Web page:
You already know that April 17, 2012, is America’s tax-filing day, but this year, April 17 marks another income-tax milestone: Tax Freedom Day®. That’s the date when the average American has theoretically earned enough to cover his or her tax burden for the entire year.

Put another way: Every dollar you’ve earned from January 1 to April 17 represents the amount you’ll send to the government this year (from local to national). Every dollar you make from April 18 to December 31 is yours to keep.

Your personal Tax Freedom Day may differ greatly from the average. If you pay a high tax rate, you may not be “free” until weeks after Tax Freedom Day. And, of course, your state’s income tax rates affect when you’re in the clear.

Aside from calculating Tax Freedom Day, The Tax Foundation, a tax-policy think tank, has assigned each state a Tax Freedom Day of its own. The average taxpayer paid off his or her national and local taxes on March 31 in Tennessee and April 12 in Ohio. In Connecticut, Tax Freedom Day comes later – May 5.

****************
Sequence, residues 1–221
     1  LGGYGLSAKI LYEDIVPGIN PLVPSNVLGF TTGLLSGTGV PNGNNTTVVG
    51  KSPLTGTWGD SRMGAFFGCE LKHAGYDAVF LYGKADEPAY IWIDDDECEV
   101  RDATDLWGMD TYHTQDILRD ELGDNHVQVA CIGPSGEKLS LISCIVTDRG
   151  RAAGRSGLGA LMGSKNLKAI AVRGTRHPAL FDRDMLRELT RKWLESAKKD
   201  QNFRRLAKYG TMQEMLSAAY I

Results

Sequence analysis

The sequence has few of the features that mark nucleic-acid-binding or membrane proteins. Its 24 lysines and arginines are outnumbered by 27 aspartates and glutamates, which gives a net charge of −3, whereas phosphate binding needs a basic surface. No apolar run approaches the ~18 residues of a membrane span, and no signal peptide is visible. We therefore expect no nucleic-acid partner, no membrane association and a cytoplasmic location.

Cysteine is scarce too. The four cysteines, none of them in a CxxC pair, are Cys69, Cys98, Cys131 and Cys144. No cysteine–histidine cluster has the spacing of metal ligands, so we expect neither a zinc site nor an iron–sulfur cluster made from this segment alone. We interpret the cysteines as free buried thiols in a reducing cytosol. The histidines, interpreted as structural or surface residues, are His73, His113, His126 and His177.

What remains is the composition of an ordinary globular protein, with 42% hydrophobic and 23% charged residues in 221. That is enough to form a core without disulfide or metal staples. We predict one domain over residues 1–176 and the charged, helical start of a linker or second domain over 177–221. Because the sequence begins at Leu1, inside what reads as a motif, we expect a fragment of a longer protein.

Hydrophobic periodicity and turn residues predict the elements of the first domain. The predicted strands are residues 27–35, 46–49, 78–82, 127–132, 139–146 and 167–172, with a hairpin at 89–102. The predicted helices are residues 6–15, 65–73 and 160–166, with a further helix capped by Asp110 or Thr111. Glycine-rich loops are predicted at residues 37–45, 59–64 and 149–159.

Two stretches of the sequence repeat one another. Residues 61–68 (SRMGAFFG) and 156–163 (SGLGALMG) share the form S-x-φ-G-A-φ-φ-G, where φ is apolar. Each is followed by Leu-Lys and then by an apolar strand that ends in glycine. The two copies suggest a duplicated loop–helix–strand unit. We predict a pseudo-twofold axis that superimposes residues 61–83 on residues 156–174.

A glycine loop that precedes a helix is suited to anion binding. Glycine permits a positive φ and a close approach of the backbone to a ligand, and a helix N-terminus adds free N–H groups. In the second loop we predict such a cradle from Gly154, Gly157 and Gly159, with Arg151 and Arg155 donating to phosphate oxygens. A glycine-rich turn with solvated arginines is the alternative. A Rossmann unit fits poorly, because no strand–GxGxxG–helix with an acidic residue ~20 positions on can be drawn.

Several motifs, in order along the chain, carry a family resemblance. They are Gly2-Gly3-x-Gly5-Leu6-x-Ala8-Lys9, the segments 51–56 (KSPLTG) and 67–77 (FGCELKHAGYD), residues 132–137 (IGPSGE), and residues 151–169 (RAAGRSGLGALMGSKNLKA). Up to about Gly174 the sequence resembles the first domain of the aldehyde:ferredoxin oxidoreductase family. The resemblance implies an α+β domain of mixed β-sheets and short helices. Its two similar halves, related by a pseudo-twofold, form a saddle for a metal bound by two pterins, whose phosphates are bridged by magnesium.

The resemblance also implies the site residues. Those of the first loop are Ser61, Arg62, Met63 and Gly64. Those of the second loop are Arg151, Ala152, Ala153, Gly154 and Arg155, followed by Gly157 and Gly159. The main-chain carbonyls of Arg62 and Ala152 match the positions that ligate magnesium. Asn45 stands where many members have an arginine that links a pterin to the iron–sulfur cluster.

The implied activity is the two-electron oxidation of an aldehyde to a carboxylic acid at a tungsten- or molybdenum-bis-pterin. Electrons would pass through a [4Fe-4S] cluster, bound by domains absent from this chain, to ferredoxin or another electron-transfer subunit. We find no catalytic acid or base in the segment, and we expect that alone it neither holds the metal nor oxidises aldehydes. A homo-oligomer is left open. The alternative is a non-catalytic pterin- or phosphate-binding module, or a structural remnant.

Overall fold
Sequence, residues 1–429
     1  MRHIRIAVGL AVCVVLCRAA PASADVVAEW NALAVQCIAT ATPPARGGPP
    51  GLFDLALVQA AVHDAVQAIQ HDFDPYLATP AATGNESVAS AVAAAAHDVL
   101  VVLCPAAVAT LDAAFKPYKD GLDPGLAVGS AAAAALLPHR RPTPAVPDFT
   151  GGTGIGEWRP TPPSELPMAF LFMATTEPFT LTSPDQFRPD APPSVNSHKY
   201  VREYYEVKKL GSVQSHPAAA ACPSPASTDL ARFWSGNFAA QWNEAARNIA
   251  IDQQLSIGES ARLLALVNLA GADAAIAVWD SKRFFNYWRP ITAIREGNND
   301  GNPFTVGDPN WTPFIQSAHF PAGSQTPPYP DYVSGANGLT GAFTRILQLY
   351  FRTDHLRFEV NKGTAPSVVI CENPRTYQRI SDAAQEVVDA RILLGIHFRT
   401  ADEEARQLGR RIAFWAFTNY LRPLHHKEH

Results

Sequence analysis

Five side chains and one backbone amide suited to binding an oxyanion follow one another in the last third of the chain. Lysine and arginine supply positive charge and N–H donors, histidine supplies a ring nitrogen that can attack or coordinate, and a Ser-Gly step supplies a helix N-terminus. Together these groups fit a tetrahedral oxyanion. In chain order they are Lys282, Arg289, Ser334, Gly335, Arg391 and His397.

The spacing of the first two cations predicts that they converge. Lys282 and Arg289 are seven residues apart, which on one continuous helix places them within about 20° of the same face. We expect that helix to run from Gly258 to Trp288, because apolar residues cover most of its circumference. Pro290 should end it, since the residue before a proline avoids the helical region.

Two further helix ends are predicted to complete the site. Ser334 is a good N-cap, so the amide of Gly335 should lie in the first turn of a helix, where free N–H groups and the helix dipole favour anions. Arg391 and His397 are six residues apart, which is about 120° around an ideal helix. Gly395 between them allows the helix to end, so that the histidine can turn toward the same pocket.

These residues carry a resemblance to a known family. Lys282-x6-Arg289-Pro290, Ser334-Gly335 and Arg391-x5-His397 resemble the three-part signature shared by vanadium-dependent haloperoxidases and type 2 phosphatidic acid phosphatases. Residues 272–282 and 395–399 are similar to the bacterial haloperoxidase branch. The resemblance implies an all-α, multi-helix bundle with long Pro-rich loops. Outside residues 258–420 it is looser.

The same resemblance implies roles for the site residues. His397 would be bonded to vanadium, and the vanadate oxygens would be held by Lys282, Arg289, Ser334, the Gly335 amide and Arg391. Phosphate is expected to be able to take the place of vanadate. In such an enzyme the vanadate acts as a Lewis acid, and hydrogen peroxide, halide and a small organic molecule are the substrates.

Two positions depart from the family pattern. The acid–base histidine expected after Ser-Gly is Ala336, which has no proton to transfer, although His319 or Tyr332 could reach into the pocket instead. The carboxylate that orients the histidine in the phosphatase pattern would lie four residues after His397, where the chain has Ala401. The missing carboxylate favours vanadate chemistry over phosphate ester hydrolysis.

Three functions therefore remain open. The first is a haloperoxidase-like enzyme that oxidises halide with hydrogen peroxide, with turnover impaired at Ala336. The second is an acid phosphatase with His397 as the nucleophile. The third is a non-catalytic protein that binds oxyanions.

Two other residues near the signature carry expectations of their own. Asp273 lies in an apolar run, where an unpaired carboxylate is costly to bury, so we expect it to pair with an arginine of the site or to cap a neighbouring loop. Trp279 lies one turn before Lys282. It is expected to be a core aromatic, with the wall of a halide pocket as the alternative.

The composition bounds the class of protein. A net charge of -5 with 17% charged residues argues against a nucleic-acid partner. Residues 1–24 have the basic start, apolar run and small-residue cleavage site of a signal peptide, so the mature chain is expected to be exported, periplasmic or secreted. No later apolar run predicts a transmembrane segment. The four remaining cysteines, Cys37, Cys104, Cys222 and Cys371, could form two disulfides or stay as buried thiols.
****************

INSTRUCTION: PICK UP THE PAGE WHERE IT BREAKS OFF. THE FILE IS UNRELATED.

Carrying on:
Although you can’t do much to move the U.S. Freedom Day forward, you can take steps to make sure you’re properly handling your own tax burden.

  • If you’re self-employed, putting money aside can help you pay your estimated quarterly taxes. Estimating the amount you’ll owe next April could help you avoid a huge annual tax bill. Opening 3-month CDs can be one strategy to help you with that effort.
  • Stay up to date on all the deductions you’re entitled to. Tax-preparation company H&R Block created an infographic showing how to navigate the most basic deductions.
  • Consult a tax professional if your finances are complex. A professional may help you avoid mistakes that can invite an IRS audit.
  • Review our recent Ally blog Tax Checklist to help you get a head start on organizing your finances for next year’s taxes.

When do think your own Tax Freedom Day is? How are you getting organized for Tax Day next year?

This information is not, nor should it be, considered tax advice. We recommend that you consult with your tax advisor or other tax professional regarding any tax matters.